And so you do the services, and you provide the services to your patients, big chains can't do that or don't do it. I can't see how they have the manpower to do it. How do you get reimbursed for this stuff?
Gautam Thakur, Pharmacist 9:27
For the vaccine part
Coach JPMD 9:29
for being able to deliver medications to the patients and being on call? Because you're going to you're going to have to pay a pharmacist to take call I'm sure. So how is reimbursement model different in your business model versus bigger chain.
Gautam Thakur, Pharmacist 9:42
So it works against us we provide better more services and we get reimbursed less. And this has proven like some of the time a person goes to a bigger chain store and the PBM because they own the PBM excuse me, they own the PBM to They will pay them their own pharmacy $3,000. And if the same patient come next month to my pharmacy, they will pay us $120. And this has proven in many scenarios that because they you know, taking money from this pot, they're putting in that pocket because they own the PBM. They own the pharmacists. So if you go to their own pharmacy, they will reimburse them more, which is not a fair practice. But this is the industry that you have to live in.
Coach JPMD 10:25
So you mentioned PBM, and I don't want to lose your train of thought, can you define what pre PBM is for, for our listeners,
Gautam Thakur, Pharmacist 10:32
our pharmacy benefit managers
Coach JPMD 10:33
Gautam Thakur, Pharmacist 10:34
Coach JPMD 10:34
So you're saying the pharmacies also owned the PBM, because I thought that was different entities that have
Gautam Thakur, Pharmacist 10:41
they're different entities, but you know, like I own pharmacy, I also own the infusion center, things like that. So there are pharmacy chain stores. They own their PBM, too. Not all of them, but some of them,
Coach JPMD 10:53
so that pharmacy benefit managers work with the insurance companies to provide the prescription drug benefits.
Gautam Thakur, Pharmacist 11:01
Correct. So you know, health plan were contact one of the PBM in and then negotiate what the management fee would be to provide this benefit to their members. And then they choose one of those PBM available in the market. And then they provide the pharmacy benefits. But in many cases, that pharmacy benefit manager has their own pharmacists just like CVS. An example CVS Caremark is a PBM. But they have a CVS, you know, the retail pharmacy as well.
Coach JPMD 11:28
So they basically control the flow of all the money's
Gautam Thakur, Pharmacist 11:32
correct many instances, like I had a store in the Oak Hill Hospital in Hernando County, and we closed down about 8-10 months ago. And the reason being because we are a bedside delivery contract. So we would go to the patient's bed before they go home, to see if they will like to get their prescriptions filled before they head home, that will know if all the drugs are covered, or not how much the copay would be. So they will liked it in that service. And we will take it to their bed before they go. Instead of stopping at the pharmacy and waiting three hours to get their prescriptions from picks up COVID changed things. And they say you couldn't go to the patients because it put them at higher risk for infection. So we lost that business, we had to close that store down. But the employees of the hospital, their PBM was CVS, I don't know remember what I think it was CVS or, but demanded them to go to the CVS Pharmacy. So even though I'm right there, the patient comes over here to work, the employee of hospital, still, they couldn't use us as a pharmacy provider, they had to use the one of the chain store.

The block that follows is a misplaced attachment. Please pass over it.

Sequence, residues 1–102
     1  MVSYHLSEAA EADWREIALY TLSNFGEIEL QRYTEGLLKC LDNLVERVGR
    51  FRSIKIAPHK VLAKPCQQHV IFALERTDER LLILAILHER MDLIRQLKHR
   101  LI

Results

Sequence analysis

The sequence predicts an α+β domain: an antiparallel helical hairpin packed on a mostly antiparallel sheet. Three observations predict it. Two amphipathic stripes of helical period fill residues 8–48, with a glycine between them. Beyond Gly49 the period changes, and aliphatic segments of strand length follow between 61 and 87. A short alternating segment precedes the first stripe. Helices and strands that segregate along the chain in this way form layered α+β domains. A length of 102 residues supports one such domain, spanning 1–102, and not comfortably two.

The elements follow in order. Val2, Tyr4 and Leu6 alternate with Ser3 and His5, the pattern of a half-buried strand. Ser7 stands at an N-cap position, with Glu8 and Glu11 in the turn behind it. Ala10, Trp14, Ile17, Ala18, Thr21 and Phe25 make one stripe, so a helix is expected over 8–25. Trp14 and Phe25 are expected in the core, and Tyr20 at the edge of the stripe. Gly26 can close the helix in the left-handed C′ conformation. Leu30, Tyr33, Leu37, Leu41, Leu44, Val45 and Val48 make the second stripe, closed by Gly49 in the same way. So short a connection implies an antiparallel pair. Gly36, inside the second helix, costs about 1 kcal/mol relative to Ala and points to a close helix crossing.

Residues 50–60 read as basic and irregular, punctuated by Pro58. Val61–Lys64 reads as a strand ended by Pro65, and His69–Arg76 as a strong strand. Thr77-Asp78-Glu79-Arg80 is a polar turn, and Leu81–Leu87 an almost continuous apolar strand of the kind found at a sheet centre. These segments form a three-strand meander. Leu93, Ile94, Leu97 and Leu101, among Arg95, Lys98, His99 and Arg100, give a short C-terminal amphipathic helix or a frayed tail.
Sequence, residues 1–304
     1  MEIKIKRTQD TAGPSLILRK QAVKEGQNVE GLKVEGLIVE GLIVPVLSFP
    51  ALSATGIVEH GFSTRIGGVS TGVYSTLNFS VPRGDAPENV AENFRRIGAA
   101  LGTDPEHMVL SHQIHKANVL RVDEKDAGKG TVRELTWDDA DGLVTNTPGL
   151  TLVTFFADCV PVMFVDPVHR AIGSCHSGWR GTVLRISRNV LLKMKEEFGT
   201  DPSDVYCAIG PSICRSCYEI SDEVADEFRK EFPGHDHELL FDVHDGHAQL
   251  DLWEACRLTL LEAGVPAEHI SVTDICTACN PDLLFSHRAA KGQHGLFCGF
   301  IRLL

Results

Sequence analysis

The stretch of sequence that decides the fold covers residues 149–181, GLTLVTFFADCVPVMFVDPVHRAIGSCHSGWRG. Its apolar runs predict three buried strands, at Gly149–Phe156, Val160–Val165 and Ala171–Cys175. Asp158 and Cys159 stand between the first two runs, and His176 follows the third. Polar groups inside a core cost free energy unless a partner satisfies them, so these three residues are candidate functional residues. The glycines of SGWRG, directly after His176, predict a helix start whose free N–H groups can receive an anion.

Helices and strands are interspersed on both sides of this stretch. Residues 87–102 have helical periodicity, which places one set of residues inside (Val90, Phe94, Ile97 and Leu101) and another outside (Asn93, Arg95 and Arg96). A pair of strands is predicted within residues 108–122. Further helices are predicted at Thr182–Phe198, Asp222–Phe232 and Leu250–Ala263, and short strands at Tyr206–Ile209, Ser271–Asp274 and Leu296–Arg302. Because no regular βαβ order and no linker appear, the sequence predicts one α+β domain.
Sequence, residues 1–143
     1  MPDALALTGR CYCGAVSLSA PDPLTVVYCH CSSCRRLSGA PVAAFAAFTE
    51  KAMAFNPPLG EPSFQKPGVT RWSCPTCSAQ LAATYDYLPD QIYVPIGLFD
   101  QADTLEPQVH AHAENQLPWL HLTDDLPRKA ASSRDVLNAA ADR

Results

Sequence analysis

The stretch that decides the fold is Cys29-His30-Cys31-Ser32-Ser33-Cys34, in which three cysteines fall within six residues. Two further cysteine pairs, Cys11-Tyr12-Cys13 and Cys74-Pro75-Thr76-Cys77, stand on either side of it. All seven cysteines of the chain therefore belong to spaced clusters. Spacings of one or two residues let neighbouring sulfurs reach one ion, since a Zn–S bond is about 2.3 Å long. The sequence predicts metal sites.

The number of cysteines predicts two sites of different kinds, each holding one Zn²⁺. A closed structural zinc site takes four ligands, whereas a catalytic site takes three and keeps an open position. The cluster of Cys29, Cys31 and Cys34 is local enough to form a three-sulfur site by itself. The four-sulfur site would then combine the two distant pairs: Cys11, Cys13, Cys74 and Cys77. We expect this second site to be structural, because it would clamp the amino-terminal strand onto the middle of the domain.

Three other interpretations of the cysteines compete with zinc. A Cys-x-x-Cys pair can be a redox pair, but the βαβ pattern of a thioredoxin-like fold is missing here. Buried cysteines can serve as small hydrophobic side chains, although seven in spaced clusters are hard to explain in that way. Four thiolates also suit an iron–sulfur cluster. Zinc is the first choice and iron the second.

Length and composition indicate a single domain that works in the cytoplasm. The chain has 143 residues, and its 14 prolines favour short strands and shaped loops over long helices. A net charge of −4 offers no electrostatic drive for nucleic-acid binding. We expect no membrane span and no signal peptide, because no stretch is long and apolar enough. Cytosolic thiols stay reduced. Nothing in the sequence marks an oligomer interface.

Coach JPMD 12:37
Yeah, that doesn't surprise me, especially with these big chains. So it kind of leads into the the sheet I sent you. And we can go over that real quick and real quick, because, you know, I found this report online. It's from the drug trial Institute. And they they do research, I guess, on pharmacy benefit managers throughout the throughout the country. And so I'll put some links in the in the show notes about this or for this, but as you look through here, you talked about the pharmacy benefit management that sits on the right side of the diagram
Gautam Thakur, Pharmacist 13:12
Coach JPMD 13:14
How is that related to the manufacturer, like doesn't manufacture negotiate rates at the pharmacy benefit or because there's so many arrows in this
Gautam Thakur, Pharmacist 13:27
right going in and out. So what pharmacy benefit manager would do, though, as a health plan, or if your a big employer held in 1000s of employees, you would need to manage this pharmacy benefit you would outsource to PBMs pharmacy benefit managers. If you're big enough, you can tell them what formula you would like to have, because he has such a big inner life that you're managing, if you are a smaller group than they will tell you okay, this these are the different formularies and then those drugs will be covered. And you know, the copay might be different tier A B C or 123. So PBM will decide which drug would go on which tier whether they were covered or not. In many instances it is because how much did they get from the manufacturer? Some example drug A you know says the manufacturer comes to the PBM so would you put our drug on our formulary and this Okay how much rebate would you give us that's okay every prescription